About Sleep Apnea
There are two main types of sleep apnea: central sleep apnea and obstructive sleep apnea.
Central sleep apnea is less common and occurs when your brain sends incorrect signals to the muscles that control your breathing.
Obstructive sleep apnea is more common and happens when your airway collapses or becomes partially blocked when you sleep.
Obstructive sleep apnea may occur when your tongue or other soft tissues fall back and block your airway. The obstruction causes pauses in your breathing or shallow breathing as you sleep. Partial obstruction causes tissues to vibrate as you breathe, resulting in snoring.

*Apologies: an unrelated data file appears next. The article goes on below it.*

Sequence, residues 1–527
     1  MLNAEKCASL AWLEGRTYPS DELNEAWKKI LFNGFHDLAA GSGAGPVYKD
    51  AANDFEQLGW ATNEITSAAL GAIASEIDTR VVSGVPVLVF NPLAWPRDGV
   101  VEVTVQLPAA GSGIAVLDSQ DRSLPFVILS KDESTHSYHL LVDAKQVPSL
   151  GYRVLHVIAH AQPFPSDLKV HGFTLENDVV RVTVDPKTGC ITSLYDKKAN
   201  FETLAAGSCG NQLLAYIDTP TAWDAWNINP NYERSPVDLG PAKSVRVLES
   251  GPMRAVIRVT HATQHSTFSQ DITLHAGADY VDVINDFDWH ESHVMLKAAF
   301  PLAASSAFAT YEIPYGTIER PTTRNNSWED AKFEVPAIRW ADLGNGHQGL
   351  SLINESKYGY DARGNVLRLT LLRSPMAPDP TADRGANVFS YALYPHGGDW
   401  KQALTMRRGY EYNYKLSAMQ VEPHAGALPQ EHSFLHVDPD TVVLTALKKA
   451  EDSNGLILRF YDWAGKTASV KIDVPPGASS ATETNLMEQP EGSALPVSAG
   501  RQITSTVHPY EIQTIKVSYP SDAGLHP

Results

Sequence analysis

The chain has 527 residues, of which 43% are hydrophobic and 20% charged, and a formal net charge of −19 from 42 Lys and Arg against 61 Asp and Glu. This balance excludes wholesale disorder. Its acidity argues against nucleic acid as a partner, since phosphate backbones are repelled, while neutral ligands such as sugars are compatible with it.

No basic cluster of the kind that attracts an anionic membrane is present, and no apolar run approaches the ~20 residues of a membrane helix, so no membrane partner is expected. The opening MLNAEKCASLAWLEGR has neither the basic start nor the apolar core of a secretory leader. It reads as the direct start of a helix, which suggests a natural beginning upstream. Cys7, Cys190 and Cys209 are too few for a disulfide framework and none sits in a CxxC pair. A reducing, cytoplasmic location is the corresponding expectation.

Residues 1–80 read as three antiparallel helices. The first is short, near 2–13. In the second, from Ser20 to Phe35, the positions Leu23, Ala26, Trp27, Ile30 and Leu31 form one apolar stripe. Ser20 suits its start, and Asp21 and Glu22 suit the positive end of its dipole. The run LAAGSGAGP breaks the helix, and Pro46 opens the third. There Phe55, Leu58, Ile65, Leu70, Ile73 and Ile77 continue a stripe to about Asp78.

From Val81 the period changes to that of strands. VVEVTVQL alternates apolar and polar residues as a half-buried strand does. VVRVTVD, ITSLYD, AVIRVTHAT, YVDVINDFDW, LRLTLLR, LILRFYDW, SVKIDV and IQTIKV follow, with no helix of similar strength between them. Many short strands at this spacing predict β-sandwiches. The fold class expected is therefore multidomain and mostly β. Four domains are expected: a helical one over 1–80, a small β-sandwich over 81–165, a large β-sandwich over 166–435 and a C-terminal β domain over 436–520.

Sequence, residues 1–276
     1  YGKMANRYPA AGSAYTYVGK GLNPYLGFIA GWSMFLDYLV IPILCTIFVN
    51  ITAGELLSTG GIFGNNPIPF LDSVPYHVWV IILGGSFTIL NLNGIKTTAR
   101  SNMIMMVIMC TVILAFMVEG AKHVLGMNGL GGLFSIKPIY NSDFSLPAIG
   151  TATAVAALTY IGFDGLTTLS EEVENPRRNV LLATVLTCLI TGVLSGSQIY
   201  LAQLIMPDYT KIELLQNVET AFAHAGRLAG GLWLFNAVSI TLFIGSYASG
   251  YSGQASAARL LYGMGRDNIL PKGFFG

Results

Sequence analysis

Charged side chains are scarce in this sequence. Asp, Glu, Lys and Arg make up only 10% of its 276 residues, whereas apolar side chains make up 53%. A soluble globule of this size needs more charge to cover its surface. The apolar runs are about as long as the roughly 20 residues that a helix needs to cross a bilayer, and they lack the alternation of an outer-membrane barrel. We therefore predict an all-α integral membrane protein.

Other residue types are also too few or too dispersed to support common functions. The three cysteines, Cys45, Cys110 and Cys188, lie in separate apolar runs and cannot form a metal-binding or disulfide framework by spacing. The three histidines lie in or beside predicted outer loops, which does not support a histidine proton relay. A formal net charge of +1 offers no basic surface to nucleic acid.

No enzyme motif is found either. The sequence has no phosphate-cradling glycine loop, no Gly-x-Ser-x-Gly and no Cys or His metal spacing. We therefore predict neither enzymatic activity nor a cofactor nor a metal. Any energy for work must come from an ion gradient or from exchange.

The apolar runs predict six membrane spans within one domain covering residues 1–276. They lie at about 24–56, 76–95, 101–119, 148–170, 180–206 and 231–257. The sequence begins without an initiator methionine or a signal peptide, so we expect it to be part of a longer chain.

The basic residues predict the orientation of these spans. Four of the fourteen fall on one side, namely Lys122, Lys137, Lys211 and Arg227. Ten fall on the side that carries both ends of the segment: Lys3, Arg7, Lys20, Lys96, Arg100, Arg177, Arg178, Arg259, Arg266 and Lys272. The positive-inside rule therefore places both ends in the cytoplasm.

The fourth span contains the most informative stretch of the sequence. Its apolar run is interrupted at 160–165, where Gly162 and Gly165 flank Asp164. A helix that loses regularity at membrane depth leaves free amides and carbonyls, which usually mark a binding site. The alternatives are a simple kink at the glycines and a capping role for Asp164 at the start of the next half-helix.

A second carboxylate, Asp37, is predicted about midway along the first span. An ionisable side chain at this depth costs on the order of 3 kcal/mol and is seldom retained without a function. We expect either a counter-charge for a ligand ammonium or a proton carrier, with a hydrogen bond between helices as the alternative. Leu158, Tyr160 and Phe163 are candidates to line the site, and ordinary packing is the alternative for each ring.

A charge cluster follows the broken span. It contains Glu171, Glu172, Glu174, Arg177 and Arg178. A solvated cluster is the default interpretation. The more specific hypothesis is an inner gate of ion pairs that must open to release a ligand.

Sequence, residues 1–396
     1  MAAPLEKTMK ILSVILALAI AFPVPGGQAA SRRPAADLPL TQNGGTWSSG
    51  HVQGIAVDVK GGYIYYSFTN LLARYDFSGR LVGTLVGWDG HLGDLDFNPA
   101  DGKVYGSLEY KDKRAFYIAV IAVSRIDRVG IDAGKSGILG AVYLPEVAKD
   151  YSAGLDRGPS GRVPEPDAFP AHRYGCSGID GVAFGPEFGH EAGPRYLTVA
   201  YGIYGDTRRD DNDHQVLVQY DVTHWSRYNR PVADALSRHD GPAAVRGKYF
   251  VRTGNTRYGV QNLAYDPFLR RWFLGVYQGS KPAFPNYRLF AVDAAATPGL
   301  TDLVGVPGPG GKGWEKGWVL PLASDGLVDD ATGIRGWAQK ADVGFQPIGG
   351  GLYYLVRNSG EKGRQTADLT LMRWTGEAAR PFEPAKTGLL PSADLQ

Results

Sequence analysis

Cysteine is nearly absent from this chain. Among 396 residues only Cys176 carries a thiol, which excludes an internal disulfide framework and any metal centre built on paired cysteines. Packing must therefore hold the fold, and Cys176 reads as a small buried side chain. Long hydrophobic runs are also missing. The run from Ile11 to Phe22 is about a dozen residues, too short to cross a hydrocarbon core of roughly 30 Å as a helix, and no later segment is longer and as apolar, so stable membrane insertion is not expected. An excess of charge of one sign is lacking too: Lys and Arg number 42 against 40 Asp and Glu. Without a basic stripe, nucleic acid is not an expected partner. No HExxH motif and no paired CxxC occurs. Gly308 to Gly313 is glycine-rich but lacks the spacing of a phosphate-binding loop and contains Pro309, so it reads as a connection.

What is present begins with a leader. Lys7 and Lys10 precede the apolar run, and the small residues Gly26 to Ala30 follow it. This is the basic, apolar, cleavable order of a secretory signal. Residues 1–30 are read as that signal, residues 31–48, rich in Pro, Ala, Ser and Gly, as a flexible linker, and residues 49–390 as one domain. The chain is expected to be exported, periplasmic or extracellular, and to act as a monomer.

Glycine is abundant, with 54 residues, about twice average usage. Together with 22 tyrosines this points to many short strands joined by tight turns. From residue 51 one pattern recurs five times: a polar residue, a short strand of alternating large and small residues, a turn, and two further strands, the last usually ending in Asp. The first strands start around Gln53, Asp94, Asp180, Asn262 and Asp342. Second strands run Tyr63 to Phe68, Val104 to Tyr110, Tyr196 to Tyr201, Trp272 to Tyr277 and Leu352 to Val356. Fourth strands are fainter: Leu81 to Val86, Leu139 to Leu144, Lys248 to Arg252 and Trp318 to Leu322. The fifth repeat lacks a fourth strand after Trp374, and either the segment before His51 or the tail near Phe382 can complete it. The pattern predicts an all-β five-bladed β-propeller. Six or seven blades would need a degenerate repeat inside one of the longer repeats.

Some people are at higher risk for sleep apnea than others. Obesity, a large tongue, a small upper jawbone, a small lower jawbone, a thick neck or a deviated septum increase your risk for developing sleep apnea.
Sleep apnea puts you at higher risk for daytime fatigue and sleepiness, which can cause you to fall asleep at work, while watching TV or even while driving a car. Sudden drops in oxygen during paused breathing can increase your blood pressure and strain your heart, which can cause coronary artery disease, heart attack, heart failure, abnormal heart rhythms and stroke.